While still teaching music, in 2014, he received a phone call from Berklee College of Music asking him if he would like to his master’s and is on his way to graduate with his Masters in Music Business in the coming months.

“The goal of Musicademy was to do something that had never been done before here and something that I wish I had when I was a kid,” he said.

“It’s a very different style of teaching, very unique program that we offer, it serves several purposes. One of them is an introduction to students into the different musical instruments,” he said. “Like a lot of other camps, it teaches them to work together and convinces them because a lot of students are like ‘I’ve never touched an instrument’ and don’t think they can do it.”

Throughout the years, Rios has adopted a motto by Victor Wooten for his school. Wooten is a professional bass player who wrote the book, “The Music Lesson: A Spiritual Search for Growth through Music,” and the motto states, “You are already musical; you just don’t know it yet.”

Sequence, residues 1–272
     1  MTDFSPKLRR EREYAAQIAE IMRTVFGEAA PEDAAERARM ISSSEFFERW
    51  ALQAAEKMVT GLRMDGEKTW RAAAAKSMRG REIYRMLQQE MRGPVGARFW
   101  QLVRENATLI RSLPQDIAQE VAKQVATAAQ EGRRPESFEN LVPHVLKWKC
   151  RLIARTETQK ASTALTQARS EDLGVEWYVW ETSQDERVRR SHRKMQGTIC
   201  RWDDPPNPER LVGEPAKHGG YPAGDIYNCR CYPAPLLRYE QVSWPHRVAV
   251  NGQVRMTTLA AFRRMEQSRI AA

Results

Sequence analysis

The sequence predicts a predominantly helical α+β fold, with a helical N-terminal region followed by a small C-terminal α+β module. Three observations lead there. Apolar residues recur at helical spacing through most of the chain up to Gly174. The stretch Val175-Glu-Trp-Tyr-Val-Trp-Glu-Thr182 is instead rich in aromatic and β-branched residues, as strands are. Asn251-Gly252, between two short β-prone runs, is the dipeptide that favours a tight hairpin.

In other words, music is something that is instilled within a person since they’re infants by being taught nursery rhythms and melodies; by listening to any part of the song, the person wants to imitate what is being played and that is where music education begins.

“Society teaches us that you’re not a good singer, well no you just haven’t had the right training to do it,” he said.

The sessions were held throughout the week, four hours a day; three hours are spent learning instruments including voice pitch then the teachers determine what your best skill is and that is the instrument you learn through rehearsal, which is held in the last hour.

During the session, Rios teaches them how to interact with one another and learn as a team.

“They can learn anything in life, there’s nothing holding them back,” Rios said. “Life isn’t fair, life isn’t easy, the right amount of work and effort can get through any obstacle that is presented to you and it is worth doing.”

For more information on Musicademy, visit, or on Facebook at McAllen’s Music School.